Catanzareti: How appreciative are you to be here?
Haley: Man, I am more blessed than anything. I live a good life. I get to come out here and my job is racing cars for a living. I think I told my mom when I was probably 9 or 10 years old that all I wanted to do was start one Truck race and now here I am racing full time in the Truck Series. To look back at that to see how far I’ve come, it’s truly a blessing.
Catanzareti: You’re one of the young drivers out there. Do you feel pressure to go out and beat those guys or is there a bond among you guys?
Haley: There is definitely not a bond. I’m kind of on my own island, I like to keep it that way. I like to keep pretty private. Obviously, Kaz [Grala], Johnny, myself, we are all good buddies because we’re teammates. other than that, I like to keep private, keep to myself. I feel if I do that then I can focus more on my task at hand.
Doing that, I don’t really feel pressure to beat them. if I’m faster than them, then I’m faster than them. At the end of the day, it really comes down to how your truck is handling. You have to drive it, but we’re all good drivers, we all have talent.
Catanzareti: Does that make you more competitive?
Haley: There’s definitely more take than give, as you can say. On that aspect, you have to be smart, too. Yeah, I’m definitely really competitive. Whether it’s playing with my little sister on scooters, I like to try and beat her. Whatever it is, I’m definitely a competitive person.
Catanzareti: Eight months from now when November rolls around, what would you call a realistically successful season?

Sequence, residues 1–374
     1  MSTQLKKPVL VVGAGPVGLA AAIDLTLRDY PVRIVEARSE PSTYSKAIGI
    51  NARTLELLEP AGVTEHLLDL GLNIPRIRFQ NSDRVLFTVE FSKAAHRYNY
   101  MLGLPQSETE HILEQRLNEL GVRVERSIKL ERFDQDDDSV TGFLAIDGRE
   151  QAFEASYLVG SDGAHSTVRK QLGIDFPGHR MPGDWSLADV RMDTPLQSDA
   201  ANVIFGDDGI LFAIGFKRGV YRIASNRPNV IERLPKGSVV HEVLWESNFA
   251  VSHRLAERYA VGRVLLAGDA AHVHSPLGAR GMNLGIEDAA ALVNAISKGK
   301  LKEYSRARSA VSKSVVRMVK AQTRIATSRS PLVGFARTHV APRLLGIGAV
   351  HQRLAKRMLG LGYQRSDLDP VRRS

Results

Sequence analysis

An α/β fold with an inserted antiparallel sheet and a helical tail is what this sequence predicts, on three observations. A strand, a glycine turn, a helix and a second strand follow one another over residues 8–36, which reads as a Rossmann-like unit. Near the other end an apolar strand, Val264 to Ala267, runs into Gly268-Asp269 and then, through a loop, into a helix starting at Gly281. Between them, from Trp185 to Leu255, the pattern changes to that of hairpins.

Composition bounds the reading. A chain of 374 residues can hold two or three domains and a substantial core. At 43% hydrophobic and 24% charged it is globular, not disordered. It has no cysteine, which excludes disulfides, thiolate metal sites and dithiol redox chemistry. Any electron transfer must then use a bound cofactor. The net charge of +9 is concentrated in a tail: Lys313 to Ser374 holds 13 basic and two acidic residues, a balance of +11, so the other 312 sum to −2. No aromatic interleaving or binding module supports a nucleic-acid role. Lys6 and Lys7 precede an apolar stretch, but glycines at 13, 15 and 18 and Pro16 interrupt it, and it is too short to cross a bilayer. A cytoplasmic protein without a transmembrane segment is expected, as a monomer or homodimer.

Haley: I think to call it successful is to go out every week and try our best. If we focus on ourselves and go out and do our jobs, whatever the results are Id be happy with it. Going out at 50 percent, I wouldn’t be happy, but 120 percent and you get wrecked every week, you can’t be disappointed with it. You can’t set some astronomical goal. If I were to put a goal on it, I would definitely want to challenge myself to make the playoffs considering I haven’t had two starts. That would be big.
Catanzareti: You used to go by JJ and now it’s Justin. Why was that changed?
Haley: It was just something I felt like I needed to do. JJ was just a family name and I used it because I thought it was cool. Just from a marketing standpoint, [Justin] was a lot easier and more recognizable name and less confusion.
Catanzareti: JJ Yeley, did you get called that all the time?
Haley: To be honest with you, I get more confused with Cameron Hayley than JJ Yeley. Definitely a lot of confusion on the aspect of my name.
About the author
Growing up in Easton, Pa., Zach Catanzareti has grown his auto racing interest from fandom to professional. Joining Frontstretch in 2015, Zach enjoys nothing more than being at the track, having covered his first half-season of 18 races in the Monster Energy NASCAR Cup Series in 2017. With experience behind the wheel, behind the camera and in the media center, he thrives on being an all-around reporter.